Catalyst has launched a community engagement website for the St Ann’s development.It includes some key information about the proposals in their bid to the GLA, and a live consultation to help shape their Community Engagement Strategy. Catalyst want to know which aspects of the project local communities are most interested in, how we prefer to get information and communicate our feedback as well as how Catalyst can overcome any barriers to engagement.

We encourage all our members and supporters to visit the website, give your views and share the link with friends and neighbours.

Catalyst is also meeting with local community groups, and will begin holding in-person events post-lockdown. In the meantime, they’ll send out a printed version of the current consultation to homes directly surrounding the site.

Visit and share the website:


Here at the West Green Road/Seven Sisters Development Trust, we’re thrilled to announce a major crowdfunding campaign for a Community Resource Hub for market traders, small businesses and the community at Wards Corner in Tottenham.
Our Spacehive page can be found here.

The Hub will bring the ground floor of the Wards Corner building back into temporary use, providing access to crucial services to Latin American, BME, low income and other communities affected by COVID-19 and other longstanding inequalities. It will provide access to business support, housing support, online training, legal advice and translation services with the help of a dedicated community organiser. The Hub is urgently needed following the closure of Seven Sisters Market in March 2020 following an electrical outage, leaving the Latin American community and others without access to the services and support usually available there.

We’ve applied for matched funding from the Mayor of London as part of Make London, and we’re hoping to secure £25k – £50k from the Mayor in support. Our application is judged on a number of different categories, with one being engagement from the local community – meaning even a comment or a donation as low as £2 can really help boost our chances in this area.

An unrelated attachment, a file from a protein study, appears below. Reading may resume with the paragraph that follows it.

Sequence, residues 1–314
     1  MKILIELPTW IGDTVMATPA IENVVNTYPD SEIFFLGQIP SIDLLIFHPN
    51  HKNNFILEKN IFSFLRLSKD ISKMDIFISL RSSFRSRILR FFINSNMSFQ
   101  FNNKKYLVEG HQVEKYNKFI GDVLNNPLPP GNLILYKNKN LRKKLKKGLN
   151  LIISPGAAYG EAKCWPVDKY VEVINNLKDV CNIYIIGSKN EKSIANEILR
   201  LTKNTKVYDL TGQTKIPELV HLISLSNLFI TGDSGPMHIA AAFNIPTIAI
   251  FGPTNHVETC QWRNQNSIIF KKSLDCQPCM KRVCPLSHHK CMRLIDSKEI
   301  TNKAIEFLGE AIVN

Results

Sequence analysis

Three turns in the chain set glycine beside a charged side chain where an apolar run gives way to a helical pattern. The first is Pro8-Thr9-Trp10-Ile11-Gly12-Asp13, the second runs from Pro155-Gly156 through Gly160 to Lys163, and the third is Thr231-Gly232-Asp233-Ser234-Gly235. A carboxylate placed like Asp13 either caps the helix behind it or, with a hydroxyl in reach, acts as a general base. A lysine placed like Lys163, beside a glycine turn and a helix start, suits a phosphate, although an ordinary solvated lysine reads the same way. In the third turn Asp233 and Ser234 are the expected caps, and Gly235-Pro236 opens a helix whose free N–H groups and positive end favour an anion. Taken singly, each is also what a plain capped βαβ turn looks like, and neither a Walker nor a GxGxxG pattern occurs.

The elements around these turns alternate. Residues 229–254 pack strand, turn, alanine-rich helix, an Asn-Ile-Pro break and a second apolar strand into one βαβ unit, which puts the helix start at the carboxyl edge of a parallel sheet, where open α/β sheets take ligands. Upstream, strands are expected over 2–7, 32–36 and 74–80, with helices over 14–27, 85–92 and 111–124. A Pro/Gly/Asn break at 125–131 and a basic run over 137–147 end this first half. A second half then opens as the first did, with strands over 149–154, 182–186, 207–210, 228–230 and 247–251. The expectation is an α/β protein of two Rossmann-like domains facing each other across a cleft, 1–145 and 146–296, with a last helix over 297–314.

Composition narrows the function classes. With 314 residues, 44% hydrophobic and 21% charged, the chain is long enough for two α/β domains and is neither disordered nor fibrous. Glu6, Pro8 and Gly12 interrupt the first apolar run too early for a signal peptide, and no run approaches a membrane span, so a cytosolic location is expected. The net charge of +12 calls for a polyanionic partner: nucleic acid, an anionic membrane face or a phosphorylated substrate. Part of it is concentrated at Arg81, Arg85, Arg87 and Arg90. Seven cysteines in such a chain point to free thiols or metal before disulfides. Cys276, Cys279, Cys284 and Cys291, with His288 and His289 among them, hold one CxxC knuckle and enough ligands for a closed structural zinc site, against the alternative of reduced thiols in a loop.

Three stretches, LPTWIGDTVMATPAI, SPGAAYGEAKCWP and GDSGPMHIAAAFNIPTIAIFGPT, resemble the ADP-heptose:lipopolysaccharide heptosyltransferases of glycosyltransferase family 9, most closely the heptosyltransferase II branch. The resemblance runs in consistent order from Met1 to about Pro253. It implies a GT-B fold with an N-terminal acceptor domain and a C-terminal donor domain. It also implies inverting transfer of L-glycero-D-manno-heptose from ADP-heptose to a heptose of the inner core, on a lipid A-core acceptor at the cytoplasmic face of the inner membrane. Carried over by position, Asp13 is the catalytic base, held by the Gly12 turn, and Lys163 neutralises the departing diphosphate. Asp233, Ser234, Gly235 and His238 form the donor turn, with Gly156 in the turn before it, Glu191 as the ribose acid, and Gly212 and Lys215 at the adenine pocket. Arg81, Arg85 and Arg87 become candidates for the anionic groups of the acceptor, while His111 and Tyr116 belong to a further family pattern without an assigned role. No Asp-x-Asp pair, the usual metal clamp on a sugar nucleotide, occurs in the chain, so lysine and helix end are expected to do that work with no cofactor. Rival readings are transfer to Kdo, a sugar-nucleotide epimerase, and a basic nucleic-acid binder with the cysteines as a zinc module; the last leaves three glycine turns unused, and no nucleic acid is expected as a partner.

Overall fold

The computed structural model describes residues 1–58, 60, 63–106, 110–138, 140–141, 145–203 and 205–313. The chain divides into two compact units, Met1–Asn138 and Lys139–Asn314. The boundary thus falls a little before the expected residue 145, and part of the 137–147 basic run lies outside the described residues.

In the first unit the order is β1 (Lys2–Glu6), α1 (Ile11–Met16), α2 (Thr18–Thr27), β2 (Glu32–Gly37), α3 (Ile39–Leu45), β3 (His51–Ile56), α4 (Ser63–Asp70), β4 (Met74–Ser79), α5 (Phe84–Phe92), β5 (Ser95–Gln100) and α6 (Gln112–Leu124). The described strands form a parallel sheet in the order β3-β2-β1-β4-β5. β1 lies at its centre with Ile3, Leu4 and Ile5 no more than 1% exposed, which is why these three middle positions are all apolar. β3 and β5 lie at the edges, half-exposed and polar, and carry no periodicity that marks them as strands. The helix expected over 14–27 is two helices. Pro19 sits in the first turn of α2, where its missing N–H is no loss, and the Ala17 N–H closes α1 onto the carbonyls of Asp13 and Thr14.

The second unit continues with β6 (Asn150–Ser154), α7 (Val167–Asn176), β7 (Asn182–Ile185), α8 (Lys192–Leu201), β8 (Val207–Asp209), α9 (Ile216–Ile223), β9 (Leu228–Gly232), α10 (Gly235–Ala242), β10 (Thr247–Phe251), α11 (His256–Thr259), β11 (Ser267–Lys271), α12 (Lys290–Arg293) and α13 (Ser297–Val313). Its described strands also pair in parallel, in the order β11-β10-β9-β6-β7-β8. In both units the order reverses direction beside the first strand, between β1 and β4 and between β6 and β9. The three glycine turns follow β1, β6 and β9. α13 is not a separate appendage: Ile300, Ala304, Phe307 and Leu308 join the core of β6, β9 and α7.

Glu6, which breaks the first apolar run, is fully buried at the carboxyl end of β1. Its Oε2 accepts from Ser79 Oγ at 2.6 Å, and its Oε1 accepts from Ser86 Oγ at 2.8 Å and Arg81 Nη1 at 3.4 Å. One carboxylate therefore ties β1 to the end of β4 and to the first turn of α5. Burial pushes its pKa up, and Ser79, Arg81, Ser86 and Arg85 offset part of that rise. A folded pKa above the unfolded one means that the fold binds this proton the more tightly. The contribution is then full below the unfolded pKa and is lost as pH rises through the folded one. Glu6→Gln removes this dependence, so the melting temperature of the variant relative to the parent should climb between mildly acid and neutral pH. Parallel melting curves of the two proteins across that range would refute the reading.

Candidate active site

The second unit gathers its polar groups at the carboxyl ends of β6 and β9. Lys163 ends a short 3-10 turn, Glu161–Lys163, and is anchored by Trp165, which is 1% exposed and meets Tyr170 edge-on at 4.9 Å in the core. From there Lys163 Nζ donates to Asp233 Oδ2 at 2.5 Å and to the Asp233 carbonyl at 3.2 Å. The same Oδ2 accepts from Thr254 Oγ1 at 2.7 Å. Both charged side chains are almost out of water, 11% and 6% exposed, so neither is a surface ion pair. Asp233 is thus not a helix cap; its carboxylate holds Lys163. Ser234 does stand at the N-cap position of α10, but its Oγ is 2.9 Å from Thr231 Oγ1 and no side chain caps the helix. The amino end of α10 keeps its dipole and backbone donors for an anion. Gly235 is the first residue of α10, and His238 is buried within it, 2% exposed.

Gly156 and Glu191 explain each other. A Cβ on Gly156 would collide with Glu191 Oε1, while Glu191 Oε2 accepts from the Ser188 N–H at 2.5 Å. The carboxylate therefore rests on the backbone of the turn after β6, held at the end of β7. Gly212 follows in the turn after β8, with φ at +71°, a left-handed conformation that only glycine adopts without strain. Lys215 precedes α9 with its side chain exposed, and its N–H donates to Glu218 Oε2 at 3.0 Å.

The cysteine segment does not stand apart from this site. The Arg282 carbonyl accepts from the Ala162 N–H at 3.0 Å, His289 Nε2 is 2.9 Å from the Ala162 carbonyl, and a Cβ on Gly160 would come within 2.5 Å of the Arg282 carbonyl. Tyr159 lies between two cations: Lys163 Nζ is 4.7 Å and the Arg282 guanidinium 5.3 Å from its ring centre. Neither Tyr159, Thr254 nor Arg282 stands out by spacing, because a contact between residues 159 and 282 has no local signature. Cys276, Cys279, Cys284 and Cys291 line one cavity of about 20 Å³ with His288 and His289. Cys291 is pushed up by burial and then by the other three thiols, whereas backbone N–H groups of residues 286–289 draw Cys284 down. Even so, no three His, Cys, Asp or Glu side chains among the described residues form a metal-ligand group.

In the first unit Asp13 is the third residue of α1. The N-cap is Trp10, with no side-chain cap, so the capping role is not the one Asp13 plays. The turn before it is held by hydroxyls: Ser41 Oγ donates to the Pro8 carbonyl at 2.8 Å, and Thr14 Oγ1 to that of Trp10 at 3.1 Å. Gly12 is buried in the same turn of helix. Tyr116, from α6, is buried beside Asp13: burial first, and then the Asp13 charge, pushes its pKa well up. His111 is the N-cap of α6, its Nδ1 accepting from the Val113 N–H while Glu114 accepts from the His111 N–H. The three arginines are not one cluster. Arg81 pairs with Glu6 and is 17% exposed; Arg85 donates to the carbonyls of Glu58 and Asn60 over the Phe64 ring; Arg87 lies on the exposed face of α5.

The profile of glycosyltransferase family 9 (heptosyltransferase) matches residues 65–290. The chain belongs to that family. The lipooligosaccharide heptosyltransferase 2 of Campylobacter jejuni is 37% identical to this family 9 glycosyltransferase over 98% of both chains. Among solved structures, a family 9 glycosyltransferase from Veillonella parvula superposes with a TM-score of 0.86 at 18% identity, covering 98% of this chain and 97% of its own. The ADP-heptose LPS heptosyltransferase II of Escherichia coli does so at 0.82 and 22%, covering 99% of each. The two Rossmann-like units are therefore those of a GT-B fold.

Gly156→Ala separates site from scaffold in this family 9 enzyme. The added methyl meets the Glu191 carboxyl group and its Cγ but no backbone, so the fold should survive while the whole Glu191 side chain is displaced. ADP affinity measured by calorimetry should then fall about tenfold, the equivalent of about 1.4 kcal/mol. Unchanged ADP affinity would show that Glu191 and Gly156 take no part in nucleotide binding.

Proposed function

Our Spacehive page contains loads more information on the proposal, including a cost breakdown of where exactly the raised money will go, and we’ll be adding to it with any updates as we go along over the next two months. We’d be really grateful if you could share this exciting news within your networks; we also have posts on Facebook, Twitter, and Instagram and it would be great if you could share these if you’re active on social media!

This project is independent of the Trust’s long-term community plan to restore and bring back into permanent full use the historic buildings at Wards Corner, including a new market. However, it draws on the community plan and represents an opportunity to test and develop some of its propositions. For more information about the plan, see We dont know what will happen to this site in the future, and we are still working on our long-term community plan, but the Hub is something we can deliver now on a temporary basis that is urgently needed.

From West Green Road/Seven Sisters Development Trust
The Trust was set up in 2008 by four members of Wards Corner Community Coalition. Its first project is to deliver the community plan for Wards Corner.